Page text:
BALDWYN • It’s been a soggy week for the 43 senior high campers gathered at Sonshine Christian Camp just north of Baldwyn. But even with the rain, spirits are high as the week winds down.

The weather is unseasonably cool. As a fire crackles in the massive stone fireplace in the dining hall overlooking the lake, camp staffers Ryan Christman and R-Kay Willardson agree they wouldn’t want to be anywhere else.

“Camp is just in my DNA,” 42-year-old Willardson said. “I’ve been doing youth ministry for about 22 years, and I thrive on camp. If I weren’t here, I’d be home thinking about what’s happening at camp.”

Willardson is the senior minister at CommonGround Christian Church in Wren, where he and his family have served for the last five years. He said the late nights, the drama, and the fatigue of a week of camp are all worth it when he sees the payoff.

“The biggest joy in my life is seeing hearts change for Jesus,” he said. “That’s my million-dollar paycheck. I’ll probably never get rich in ministry, but the reward is rich when you see the light begin to come on for a kid. That stuff is awesome for me.”

While social media and cultural shifts have created new challenges for youth ministry, Willardson said the baseline needs of a young person at camp are timeless.

“Kids need acceptance,” he said. “They’re trying to figure out who they are and where they fit. It may sound cheesy, but it all comes down to showing them love.”

Especially in the aftermath of COVID-19, Willardson said technology-addled teens are grateful for a chance to reconnect with others.

“They’re happy to not be on a screen,” he said. “That’s one thing about COVID –people are worn out from Zoom calls and virtual stuff. Just being truly present here is a huge win for most of them.”

While he sees value in teens’ reconnection with nature, Willardson said for him, the real value of a week of camp is a reconnection with an even deeper reality.

“We’re trying to change lives, not just make a better connection with the environment,” he said. “We want to affect people for eternity. We want our kids to do great things in society, but I’m way more concerned with what happens after this life. It’s all about sharing the grace and mercy of Jesus Christ.”

Ryan Christman is the youth minister at Itawamba Christian Church in Fulton, and the dean of senior high week at Sonshine. At 46 years old, he is a veteran of scores of paintball wars and a seasoned hand at summer camp.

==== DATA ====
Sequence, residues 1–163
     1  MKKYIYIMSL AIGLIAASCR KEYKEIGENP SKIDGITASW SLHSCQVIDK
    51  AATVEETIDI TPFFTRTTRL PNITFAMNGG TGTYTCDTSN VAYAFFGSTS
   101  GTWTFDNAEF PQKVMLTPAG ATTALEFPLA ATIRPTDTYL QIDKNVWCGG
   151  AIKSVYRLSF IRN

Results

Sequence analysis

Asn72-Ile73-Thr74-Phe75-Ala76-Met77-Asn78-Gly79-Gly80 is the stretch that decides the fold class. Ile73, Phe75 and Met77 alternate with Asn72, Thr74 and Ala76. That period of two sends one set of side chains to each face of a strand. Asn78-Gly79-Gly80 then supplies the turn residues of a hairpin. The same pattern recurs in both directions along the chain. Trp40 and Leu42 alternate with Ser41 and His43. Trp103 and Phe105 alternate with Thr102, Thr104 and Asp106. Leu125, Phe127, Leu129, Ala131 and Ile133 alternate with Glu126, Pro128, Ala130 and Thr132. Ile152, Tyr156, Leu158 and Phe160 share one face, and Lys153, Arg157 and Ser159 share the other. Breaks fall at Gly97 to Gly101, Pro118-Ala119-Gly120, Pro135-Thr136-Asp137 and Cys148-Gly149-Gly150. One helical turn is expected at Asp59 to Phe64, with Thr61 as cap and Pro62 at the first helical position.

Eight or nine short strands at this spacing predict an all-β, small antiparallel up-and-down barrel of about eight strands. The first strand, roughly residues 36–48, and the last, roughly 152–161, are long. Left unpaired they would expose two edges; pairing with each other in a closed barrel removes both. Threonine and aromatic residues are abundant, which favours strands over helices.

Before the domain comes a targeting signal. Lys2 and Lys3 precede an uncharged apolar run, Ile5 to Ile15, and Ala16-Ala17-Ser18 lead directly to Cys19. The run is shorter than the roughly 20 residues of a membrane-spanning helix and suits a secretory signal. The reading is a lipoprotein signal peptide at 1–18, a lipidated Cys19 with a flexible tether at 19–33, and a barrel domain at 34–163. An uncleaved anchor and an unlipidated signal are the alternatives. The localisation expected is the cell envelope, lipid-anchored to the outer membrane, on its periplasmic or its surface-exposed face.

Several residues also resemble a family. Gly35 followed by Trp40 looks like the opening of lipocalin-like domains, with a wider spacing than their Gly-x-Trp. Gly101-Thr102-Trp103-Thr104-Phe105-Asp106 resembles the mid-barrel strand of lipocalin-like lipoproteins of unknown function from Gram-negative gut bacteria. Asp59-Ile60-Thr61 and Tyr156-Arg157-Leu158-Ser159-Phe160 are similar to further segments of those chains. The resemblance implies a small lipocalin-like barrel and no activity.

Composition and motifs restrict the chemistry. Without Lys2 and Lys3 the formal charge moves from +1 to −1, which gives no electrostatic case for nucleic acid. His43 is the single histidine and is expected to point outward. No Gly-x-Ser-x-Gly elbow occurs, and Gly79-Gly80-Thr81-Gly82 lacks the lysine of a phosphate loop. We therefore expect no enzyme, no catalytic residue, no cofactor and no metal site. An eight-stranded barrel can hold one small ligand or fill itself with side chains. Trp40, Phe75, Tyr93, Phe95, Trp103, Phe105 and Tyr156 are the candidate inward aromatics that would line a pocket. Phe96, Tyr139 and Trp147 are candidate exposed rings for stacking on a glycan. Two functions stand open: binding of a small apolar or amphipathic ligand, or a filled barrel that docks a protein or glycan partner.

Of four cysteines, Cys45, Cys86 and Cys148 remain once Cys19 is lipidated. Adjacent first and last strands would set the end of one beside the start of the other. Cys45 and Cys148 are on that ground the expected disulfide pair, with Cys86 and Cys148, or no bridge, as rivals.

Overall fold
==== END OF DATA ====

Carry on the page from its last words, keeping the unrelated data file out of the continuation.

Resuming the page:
“Youth ministry is controlled chaos,” he said. “The goal is to make everything safe for the parents and make it look dangerous for the kids.”

Over the years, Christman said he has developed a philosophy of youth ministry borne out by long experience.

“You have to rely on God and trust kids about as far as you can throw them,” he said with a chuckle.

Like Willardson, Christman said church camp has always been a vital part of his life.

“I remember what I experienced at camp,” he said. “So many memorable moments – the friends, the lessons, the experiences, and the adults who were taking time out just to hang out with us. It spoke volumes to me. Now I get to share those same things with kids.”

While many youth ministers eventually transition to senior ministry, Christman prefers working with students, who he says tend to be more open to spiritual growth than adults.

“This is what I want to do for the rest of my life,” he said. “I love working with kids because they’re malleable and moldable. As they get older that clay starts to set. My goal is to grow them and teach them the essentials. Then, when they’re ‘set,’ they’re in the form they need to be in.”

According to Christman, young people need to be reminded to take the “long view” when it comes to the emotional, relational, and spiritual struggles they all face.

“They need to know it’s gonna be ok,” he said. “They’re dealing with all these emotions and questions and ideas. I’m there to say, ‘If I got through all of this, you can too.’ God can do more than we imagine through the work of the spirit. I’m there to give them hope and remind them that whatever they’re going through, it isn’t the end of the world.”

Along with a tolerance for a certain level of chaos, Christman said the years have taught him another secret of a successful week of camp.

“You have to bathe it in prayer,” he said. “By the grace of God it all works out.”

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